The Year in NYC Private School Admissions

by Emily Glickman on December 22, 2009

Emily GlickmanAs a Manhattan Firm Schools educational consultant in practice for over a decade, I can tell you reliably that 2009 was a unique year. Here’s what we’ll remember about 2009:

1. The New York Times ran not one, but two stories about companies running ERB prep programs. If you want to irritate a private school admissions director, that is the way to do it. As a result, look for less emphasis on ERB scores in 2010 admissions decisions.

2. The strange Manhattan economy—lots of people financially strapped and stressed, and lots of other people doing just fine—has not translated into reduced competition for private school seats. Admission for kindergarten remains extremely competitive at the most sought-after Firm Schools. Demand for seats vastly outstrips supply, since most affluent, ambitious families seek the same few destinations.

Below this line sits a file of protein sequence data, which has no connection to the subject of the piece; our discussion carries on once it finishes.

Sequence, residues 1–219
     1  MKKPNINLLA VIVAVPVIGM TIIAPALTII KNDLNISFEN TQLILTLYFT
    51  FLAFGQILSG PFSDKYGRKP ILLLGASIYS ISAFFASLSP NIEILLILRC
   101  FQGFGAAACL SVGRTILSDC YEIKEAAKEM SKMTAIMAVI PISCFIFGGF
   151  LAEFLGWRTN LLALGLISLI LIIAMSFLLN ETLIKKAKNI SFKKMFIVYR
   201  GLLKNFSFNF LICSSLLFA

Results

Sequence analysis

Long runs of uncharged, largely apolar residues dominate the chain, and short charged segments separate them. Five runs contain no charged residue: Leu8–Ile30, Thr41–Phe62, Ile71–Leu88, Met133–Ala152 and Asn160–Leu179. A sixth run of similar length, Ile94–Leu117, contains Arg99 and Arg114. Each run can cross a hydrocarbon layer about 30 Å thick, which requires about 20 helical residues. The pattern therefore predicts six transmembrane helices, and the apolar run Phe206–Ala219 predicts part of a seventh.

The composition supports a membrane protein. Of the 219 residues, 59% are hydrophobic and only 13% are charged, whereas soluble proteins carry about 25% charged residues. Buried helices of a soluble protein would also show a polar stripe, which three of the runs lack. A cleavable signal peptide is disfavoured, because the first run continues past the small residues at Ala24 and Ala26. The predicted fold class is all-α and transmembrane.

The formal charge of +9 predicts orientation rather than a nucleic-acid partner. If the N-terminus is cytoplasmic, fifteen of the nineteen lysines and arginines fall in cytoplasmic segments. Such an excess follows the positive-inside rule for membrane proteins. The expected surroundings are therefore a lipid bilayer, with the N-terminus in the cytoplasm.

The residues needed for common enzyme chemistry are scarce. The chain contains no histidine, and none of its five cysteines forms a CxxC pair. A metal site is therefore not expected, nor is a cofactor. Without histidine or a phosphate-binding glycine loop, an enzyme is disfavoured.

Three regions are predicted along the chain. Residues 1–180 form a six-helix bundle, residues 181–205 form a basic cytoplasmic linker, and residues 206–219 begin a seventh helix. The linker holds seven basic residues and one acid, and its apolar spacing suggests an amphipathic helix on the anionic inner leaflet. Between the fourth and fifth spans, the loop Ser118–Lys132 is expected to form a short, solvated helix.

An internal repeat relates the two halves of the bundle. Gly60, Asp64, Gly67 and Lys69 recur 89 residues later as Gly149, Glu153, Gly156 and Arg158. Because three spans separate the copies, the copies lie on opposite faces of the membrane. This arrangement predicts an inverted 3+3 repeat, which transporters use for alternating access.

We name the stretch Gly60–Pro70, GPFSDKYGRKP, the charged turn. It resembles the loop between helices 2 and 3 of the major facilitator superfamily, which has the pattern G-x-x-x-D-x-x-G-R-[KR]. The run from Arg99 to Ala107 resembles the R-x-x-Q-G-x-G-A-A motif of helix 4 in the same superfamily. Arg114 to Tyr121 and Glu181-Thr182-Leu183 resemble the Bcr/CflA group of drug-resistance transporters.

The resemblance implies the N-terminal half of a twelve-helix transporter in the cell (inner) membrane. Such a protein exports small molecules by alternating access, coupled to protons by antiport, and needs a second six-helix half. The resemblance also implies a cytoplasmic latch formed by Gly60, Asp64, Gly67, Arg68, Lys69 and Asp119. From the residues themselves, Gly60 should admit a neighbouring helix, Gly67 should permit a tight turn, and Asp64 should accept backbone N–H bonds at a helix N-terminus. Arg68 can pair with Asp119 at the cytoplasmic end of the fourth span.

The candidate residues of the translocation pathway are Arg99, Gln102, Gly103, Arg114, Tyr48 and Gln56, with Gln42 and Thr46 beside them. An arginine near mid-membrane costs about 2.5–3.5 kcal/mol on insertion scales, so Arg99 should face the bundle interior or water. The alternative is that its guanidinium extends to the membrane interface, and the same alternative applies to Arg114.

3. Living on Park Avenue, summering in the Hamptons, running a bank, chairing a benefit, starring in a television show—it’s all good. Thanks to the economy, generous, more affluent families have an even greater admissions advantage than usual.

4. The ISEE was changed this year, and scores are all over the place, particularly on the Lower Level exam. The good news: disappointing scores may not lead to disappointing admissions results.

5. The zoned public school situation is so in flux and out of wack that 2009 marked the first full year that some families considered private school as their backup.

About the Contributor: Emily Glickman is a regular contributor to the NYC Firm Schools Blog in the area of area of private school admissions.

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